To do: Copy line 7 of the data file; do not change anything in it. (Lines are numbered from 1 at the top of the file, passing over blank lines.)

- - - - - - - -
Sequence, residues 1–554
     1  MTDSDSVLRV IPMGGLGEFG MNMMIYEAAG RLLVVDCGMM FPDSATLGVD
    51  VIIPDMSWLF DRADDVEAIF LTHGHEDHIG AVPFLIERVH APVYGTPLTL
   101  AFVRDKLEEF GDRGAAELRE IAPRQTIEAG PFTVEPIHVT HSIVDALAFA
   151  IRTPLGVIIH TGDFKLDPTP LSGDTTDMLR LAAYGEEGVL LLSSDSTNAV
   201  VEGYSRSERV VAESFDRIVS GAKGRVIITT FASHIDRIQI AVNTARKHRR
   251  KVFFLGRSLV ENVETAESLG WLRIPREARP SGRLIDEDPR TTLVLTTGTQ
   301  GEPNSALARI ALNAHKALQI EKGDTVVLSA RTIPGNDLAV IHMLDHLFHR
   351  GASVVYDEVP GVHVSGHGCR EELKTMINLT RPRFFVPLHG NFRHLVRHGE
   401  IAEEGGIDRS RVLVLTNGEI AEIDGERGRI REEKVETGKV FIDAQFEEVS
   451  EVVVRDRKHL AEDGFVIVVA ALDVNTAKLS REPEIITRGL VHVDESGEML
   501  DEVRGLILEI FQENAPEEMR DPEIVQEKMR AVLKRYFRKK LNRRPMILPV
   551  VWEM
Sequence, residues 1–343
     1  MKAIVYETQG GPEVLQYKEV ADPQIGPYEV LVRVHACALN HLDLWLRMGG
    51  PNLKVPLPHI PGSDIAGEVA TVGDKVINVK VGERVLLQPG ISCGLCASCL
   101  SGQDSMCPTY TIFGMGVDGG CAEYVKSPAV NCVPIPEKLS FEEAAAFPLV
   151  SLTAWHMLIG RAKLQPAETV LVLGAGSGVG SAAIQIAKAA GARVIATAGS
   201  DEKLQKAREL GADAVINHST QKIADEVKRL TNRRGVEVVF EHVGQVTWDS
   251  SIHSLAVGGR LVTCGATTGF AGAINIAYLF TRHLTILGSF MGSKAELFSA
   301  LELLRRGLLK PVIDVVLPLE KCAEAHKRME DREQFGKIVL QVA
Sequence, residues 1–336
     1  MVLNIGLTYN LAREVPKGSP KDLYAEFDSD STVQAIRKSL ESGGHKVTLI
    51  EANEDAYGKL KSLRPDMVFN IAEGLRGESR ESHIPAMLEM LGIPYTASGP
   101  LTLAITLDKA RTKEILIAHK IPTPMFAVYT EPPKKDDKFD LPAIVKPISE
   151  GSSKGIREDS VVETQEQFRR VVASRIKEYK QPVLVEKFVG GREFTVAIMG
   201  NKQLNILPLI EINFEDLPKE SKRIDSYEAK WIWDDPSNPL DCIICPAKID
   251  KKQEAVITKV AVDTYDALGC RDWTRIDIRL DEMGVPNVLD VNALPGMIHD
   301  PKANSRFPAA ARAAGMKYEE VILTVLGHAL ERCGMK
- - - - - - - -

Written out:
   251  KVFFLGRSLV ENVETAESLG WLRIPREARP SGRLIDEDPR TTLVLTTGTQ